By Morgan Norval l June 18, 2012
Senate Foreign Relations Committee Chairman John Kerry with Senator Barbara Boxer at hearing/Reuters pictures
George Washington’s 1796 farewell address urged the United States to avoid entangling alliances with foreign countries. America, he said, must “act for ourselves and not for others.” With the founding of the United Nations and the onset of the Cold War, the U.S. turned its back on Washington’s sage advice. The U.S. is now enmeshed in “entangling alliances” all over the globe.
There is one egregious and dangerous treaty the U.S. has yet to ratify. But our globalist, “one world” government worshipers and policy elites are hell bent on getting that pernicious “entangling alliance” ratified by the U.S. Senate. That is the Law of the Sea Treaty, or LOST, an acronym whose effects on the U.S. make it a good fit.
The treaty was originated during the Cold War in 1973 by the Soviet Bloc to derail the West, especially the United States. The treaty’s provisions sought to transfer wealth from the West to the so-called “developing world,” which consisted of mostly Soviet supporters. The treaty would abrogate the doctrine of the “freedom of the seas” and make it a right granted by the United Nations. The UN then becomes the central sovereign authority with the power to tax over nearly70 percent of the earth’s surface.
By the time of Ronald Reagan’s election, establishment expectations were for an automatic approval by the newly elected conservative-Republican. Needless to say, they were sorely disappointed as President Reagan opposed the Law of the Sea Treaty and lined up opposition to it, including Prime Minister Margaret Thatcher.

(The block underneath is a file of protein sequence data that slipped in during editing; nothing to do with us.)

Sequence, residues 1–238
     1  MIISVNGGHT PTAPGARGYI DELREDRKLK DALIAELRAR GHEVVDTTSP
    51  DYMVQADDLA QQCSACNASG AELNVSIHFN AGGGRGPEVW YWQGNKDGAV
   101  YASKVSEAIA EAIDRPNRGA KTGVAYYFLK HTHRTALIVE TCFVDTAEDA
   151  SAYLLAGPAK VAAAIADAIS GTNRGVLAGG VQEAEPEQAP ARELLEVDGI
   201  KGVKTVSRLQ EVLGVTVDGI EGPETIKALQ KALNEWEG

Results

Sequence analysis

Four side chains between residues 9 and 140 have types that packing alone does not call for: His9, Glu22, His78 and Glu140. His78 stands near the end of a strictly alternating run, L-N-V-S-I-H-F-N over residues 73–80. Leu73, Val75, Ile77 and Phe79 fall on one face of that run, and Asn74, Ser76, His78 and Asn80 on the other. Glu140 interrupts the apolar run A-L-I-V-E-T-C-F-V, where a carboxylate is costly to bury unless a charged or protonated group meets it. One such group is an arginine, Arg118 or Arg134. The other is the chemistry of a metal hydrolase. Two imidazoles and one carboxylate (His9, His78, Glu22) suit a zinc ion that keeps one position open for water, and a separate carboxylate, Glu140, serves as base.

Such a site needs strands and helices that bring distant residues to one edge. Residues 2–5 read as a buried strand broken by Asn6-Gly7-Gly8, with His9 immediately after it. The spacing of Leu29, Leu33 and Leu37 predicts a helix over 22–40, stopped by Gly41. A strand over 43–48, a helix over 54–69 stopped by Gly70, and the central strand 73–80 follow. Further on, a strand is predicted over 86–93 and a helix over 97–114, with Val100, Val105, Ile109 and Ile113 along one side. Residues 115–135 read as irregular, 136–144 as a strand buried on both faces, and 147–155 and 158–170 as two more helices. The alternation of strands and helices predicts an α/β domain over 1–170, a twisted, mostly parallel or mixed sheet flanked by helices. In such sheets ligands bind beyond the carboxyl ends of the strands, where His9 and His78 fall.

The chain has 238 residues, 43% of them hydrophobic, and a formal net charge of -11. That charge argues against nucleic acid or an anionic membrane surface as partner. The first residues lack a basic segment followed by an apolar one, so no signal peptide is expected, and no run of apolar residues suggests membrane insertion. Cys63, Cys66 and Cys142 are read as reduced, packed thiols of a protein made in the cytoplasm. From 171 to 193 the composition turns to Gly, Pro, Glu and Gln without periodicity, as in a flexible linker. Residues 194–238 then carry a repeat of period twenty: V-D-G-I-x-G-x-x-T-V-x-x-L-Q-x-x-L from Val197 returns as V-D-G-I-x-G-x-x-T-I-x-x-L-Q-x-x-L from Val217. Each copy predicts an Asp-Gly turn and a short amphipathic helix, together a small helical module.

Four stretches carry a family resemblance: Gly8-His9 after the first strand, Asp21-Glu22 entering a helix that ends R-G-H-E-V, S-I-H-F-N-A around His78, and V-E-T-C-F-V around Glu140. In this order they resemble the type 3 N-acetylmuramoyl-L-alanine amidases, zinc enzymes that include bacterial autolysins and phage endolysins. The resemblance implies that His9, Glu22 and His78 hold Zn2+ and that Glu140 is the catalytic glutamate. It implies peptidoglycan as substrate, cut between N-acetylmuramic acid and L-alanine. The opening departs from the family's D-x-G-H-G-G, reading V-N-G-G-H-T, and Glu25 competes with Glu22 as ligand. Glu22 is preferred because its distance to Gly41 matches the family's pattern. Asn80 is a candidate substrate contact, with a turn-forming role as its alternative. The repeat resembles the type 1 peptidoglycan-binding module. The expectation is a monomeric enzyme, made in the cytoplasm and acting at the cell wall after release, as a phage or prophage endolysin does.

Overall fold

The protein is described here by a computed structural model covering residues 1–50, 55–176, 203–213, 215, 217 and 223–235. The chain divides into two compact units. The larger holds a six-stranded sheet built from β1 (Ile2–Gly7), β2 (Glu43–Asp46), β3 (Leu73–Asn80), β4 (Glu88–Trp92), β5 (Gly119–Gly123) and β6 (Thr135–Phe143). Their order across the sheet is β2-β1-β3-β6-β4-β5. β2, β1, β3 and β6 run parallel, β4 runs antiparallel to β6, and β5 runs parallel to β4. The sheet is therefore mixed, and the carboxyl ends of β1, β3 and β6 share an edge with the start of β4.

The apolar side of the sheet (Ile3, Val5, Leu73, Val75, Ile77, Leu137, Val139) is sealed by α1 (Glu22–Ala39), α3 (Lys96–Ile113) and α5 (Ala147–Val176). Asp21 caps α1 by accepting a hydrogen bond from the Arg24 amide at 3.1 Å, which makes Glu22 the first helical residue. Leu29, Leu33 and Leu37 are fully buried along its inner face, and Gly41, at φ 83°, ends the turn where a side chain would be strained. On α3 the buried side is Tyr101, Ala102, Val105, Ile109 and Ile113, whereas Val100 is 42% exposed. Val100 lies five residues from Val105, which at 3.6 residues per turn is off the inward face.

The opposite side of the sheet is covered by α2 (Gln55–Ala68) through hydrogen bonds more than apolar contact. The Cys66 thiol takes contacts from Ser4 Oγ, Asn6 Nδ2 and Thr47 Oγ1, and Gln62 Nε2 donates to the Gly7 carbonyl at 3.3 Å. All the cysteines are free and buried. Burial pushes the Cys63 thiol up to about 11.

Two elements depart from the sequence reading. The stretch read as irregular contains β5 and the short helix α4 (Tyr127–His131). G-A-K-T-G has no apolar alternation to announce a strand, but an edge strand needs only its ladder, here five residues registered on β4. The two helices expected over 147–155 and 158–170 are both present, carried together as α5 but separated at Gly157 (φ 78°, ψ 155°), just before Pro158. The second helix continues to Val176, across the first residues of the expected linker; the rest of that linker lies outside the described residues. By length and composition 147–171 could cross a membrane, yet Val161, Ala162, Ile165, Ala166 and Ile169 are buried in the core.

Today, 30 years later, the establishment is at it again. This time the Obama administration has made it its goal to have the United States Senate, currently under Democrat control, ratify this pernicious treaty, in part, by lining up the living former secretaries of State along with the U.S. Navy brass. Senate Majority Leader Harry Reid is poised to push for ratification during a lame duck session following the November election results, even if the Senate majority shifts into Republican control.
That is bad enough, but it gets worse. The octopus arm of the UN that will administer this monstrosity is the International Seabed Administration—ISA, located in Kingston, Jamaica. ISA would have the power to regulate 70 percent of the globe. This regulatory power would give it control over our seabed mining, oil and gas development, fishing and environmental policies. Any controversies and disputes deriving from LOST would be settled by binding arbitration rulings made by foreign judges at a tribunal based in Hamburg, Germany. U.S. interests in getting a fair deal before such a panel would be slim at best.
The ISA dispute settlement system would lie outside the jurisdiction of U.S. courts and make U.S. citizens and businesses subject to its whims, prejudices, and hostility of the members of the tribunal, from which there would be no appeal. Moreover, the U.S. would be subjected to baseless international lawsuits; a clear threat to American sovereignty. If that weren’t bad enough, under LOST, its terms can be amended and adopted that without the approval of the United States.
Adding insult to injury, LOST can, and would, impose royalty-sharing from resources generated from oil and gas development on America’s extended continental shelf. These “royalties” would be turned over to the ISA, instead of the U. S. Treasury, for their distribution to whomever it wished. This would amount to billions or even trillions of dollars transferred to an arm of the corrupt, anti-American United Nations bureaucracy. Sen. James Risch (R-ID) says this so-called royalty-sharing provision would be a tax on companies developing the seabed, thus adding a taxing authority to the UN. That would provide more funds for them to carry on their pro-globalization and anti-American agenda.